Johannesburg - SA is bracing for a national transport workers’ strike, set to start on Monday, which a leading economist has warned will see all transport of fuel, coal, food, steel and hundreds of other products grind to a halt.
With negotiations still deadlocked on Monday night, SA Transport and Allied Workers’ Union spokesman Vincent Masoga said the strike was almost certain to go ahead.
This comes as labour unrest continues spreading through the mining industry, with workers at AngloGold Ashanti the latest miners to embark on a wildcat strike on Friday, the National Union of Mineworkers said.
NUM spokesman Lesiba Seshoka said the workers had downed tools and were demanding R12 500 a month.
It is the same amount initially demanded by workers at the Lonmin platinum mine in Marikana, who recently settled with their employer.
“We always had suspicions that this thing could spread anywhere, especially in the wake of the Marikana agreement,” Seshoka said.
But leading economist Mike Schussler has warned that the economic impact of this week’s transport sector strike could be far worse than the mining strike, and would bring the country to a standstill.
While it would be pre-emptive to quantify the financial impact, Schussler said SA could lose millions if the truck drivers went on strike.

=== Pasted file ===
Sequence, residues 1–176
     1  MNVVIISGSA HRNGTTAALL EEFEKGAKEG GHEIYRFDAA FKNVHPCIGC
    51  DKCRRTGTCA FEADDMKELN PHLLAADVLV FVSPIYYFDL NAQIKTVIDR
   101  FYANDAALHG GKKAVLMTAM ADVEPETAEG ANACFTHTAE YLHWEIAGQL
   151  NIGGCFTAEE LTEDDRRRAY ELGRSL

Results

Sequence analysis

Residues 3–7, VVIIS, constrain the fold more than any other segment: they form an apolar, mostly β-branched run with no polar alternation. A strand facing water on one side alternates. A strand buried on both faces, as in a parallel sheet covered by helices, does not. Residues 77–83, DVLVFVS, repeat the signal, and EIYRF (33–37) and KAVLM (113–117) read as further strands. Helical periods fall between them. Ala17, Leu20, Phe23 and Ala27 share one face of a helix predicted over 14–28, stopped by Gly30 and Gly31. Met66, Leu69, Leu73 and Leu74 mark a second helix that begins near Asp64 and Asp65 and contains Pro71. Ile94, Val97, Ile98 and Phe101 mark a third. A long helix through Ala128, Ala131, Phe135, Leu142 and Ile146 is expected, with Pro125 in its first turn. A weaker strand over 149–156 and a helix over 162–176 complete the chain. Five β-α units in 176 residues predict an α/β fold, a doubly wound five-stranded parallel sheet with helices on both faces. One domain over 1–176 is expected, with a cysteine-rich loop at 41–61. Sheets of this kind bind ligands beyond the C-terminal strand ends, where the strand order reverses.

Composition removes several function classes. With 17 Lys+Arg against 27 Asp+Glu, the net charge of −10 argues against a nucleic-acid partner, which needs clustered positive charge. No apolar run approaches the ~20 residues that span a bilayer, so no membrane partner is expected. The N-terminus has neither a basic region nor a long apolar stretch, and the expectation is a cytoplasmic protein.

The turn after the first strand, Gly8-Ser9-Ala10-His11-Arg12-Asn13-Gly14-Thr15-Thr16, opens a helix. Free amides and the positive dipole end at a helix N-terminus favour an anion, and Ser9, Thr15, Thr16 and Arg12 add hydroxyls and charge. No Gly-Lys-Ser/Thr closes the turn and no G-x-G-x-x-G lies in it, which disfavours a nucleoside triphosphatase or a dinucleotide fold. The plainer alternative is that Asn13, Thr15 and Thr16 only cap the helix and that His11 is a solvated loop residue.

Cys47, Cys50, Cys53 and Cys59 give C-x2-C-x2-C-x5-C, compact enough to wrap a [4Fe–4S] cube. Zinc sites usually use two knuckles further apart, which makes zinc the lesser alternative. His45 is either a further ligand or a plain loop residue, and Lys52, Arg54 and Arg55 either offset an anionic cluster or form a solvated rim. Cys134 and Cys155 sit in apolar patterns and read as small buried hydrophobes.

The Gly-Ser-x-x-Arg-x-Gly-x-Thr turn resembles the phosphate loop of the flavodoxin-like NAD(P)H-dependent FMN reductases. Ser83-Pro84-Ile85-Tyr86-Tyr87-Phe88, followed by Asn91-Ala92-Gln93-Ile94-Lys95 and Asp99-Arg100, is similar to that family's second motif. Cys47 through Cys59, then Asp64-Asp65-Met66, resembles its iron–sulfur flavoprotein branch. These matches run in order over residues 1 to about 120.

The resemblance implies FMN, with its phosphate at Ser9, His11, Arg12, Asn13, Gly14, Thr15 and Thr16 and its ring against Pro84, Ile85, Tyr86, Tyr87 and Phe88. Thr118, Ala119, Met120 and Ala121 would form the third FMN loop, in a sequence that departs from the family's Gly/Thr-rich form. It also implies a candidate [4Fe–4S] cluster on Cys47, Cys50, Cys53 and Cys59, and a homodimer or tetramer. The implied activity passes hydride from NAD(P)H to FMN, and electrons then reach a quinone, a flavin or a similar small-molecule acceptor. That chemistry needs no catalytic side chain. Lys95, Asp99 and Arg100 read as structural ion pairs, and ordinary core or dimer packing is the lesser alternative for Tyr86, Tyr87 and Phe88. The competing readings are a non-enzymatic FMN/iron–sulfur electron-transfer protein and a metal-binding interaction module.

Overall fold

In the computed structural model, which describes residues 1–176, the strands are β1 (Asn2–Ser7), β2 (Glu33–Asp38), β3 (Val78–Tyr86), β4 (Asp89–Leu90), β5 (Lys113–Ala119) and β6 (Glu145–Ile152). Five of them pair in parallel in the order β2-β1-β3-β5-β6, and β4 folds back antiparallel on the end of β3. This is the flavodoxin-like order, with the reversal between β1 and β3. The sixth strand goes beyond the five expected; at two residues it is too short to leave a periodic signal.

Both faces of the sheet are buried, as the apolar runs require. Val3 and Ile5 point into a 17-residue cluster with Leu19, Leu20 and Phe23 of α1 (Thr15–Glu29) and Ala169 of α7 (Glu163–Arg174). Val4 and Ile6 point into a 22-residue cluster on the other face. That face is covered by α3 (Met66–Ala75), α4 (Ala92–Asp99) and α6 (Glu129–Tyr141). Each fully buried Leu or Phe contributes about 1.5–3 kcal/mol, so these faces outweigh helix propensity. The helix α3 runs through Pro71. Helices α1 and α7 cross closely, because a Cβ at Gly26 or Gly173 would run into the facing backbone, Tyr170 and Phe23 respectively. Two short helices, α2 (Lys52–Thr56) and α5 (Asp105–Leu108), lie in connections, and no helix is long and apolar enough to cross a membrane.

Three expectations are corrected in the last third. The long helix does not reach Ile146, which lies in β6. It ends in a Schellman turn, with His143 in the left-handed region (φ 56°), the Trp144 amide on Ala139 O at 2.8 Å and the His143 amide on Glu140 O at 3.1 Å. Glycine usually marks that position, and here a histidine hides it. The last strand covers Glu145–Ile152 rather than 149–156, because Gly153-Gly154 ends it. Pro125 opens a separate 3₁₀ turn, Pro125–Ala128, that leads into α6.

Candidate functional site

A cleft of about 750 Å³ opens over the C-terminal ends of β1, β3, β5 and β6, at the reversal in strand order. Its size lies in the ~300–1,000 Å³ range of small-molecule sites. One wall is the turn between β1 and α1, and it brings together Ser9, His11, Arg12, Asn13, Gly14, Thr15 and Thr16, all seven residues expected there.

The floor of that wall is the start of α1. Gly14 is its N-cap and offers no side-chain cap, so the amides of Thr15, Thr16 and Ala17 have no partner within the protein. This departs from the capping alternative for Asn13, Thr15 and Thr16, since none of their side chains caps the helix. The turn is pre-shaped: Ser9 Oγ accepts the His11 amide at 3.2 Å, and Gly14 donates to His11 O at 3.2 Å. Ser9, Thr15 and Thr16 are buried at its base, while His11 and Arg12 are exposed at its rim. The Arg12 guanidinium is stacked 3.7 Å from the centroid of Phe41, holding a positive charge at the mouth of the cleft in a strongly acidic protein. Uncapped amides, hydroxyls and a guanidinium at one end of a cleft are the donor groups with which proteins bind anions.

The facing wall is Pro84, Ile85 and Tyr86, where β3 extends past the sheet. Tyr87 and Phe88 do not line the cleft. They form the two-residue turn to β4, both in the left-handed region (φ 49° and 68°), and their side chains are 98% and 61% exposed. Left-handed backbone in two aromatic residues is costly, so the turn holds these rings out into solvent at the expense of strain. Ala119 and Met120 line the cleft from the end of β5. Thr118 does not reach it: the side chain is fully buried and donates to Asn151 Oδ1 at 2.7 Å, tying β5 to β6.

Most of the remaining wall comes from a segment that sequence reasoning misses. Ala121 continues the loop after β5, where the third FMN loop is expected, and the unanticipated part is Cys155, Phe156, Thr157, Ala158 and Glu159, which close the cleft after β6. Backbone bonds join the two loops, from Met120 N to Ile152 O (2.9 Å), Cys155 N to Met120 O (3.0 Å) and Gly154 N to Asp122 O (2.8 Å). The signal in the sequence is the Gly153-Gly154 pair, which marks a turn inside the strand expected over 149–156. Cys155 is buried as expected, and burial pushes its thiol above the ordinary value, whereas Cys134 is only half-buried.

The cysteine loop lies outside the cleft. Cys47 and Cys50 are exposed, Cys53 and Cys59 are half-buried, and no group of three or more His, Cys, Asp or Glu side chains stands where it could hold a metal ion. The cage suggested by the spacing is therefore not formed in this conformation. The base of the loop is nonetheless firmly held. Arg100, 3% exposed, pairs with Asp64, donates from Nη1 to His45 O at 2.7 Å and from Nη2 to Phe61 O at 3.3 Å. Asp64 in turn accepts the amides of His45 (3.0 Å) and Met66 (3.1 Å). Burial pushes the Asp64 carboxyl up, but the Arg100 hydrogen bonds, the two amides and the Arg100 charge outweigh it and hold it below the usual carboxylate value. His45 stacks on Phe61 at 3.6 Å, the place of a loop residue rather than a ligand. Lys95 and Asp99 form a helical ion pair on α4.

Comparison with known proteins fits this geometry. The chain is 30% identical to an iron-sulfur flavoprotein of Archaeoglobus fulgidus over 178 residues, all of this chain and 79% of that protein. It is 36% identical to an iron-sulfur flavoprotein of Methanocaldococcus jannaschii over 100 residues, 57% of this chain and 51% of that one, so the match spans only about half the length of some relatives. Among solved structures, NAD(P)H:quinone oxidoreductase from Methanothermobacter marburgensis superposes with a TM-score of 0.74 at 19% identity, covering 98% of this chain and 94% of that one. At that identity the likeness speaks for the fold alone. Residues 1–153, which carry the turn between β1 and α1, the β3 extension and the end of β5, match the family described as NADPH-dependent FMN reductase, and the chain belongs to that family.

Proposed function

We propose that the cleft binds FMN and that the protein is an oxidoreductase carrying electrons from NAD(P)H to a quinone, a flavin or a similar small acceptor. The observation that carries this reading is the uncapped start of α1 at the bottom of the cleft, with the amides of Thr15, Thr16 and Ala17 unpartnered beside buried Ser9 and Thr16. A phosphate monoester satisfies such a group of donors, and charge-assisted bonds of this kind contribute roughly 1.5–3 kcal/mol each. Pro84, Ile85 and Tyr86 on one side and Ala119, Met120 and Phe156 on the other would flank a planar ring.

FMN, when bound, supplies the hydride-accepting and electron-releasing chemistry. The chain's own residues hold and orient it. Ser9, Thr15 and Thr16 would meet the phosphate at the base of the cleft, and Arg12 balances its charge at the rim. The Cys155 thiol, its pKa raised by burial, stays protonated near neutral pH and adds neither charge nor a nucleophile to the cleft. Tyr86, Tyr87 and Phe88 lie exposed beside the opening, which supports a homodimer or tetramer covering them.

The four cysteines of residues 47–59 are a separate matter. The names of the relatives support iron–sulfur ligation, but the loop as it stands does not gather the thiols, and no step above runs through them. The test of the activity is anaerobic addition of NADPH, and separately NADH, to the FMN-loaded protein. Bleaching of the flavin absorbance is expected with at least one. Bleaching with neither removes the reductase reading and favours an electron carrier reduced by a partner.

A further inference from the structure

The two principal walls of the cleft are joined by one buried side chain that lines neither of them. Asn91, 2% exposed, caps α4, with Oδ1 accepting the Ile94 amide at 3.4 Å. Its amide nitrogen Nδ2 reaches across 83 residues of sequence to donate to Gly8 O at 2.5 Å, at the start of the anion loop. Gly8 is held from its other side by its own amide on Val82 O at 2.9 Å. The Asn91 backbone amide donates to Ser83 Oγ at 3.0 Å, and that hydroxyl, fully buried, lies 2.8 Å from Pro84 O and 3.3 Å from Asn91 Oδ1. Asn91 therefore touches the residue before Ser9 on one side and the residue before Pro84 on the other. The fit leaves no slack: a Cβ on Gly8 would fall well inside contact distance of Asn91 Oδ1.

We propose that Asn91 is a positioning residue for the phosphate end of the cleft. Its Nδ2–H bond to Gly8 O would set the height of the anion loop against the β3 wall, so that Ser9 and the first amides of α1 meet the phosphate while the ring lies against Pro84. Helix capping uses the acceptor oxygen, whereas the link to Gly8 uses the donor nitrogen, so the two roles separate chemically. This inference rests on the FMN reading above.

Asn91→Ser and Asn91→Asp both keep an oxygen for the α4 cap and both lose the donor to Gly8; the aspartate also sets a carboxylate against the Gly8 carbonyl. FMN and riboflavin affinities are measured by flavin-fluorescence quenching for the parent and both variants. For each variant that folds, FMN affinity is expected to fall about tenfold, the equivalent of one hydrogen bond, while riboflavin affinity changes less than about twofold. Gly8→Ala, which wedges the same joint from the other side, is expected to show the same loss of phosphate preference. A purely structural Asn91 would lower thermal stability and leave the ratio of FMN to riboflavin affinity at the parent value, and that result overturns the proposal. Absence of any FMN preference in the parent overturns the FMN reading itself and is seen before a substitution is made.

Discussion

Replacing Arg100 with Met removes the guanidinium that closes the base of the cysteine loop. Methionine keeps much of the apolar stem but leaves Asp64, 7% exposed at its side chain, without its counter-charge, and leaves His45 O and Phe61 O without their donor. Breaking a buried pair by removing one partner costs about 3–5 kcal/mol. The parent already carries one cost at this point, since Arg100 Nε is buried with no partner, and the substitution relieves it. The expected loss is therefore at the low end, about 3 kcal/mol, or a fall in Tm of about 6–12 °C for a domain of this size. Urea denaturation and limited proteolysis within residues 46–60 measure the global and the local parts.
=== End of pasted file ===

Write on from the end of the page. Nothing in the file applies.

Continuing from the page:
“The size of the transport sector is double that of the mining industry. So the country stands to lose more than it did during the recent Marikana strike,” he said.
The strike comes after the transport union, together with fellow unions in the transport and logistics industry, reached a wage negotiation deadlock after tense discussions that started in June.
The unions were initially demanding a 12 percent increase across the board, but have since reduced this figure to 9 percent. The employers are, however, offering 1 percent less.
“The fact that we have reduced our initial wage increment indicates that we are the ones that are willing to compromise, but the employers are obviously not.
“We will not accept the 8 percent, and we will down tools [tomorrow] until our demands are met,” Masoga said.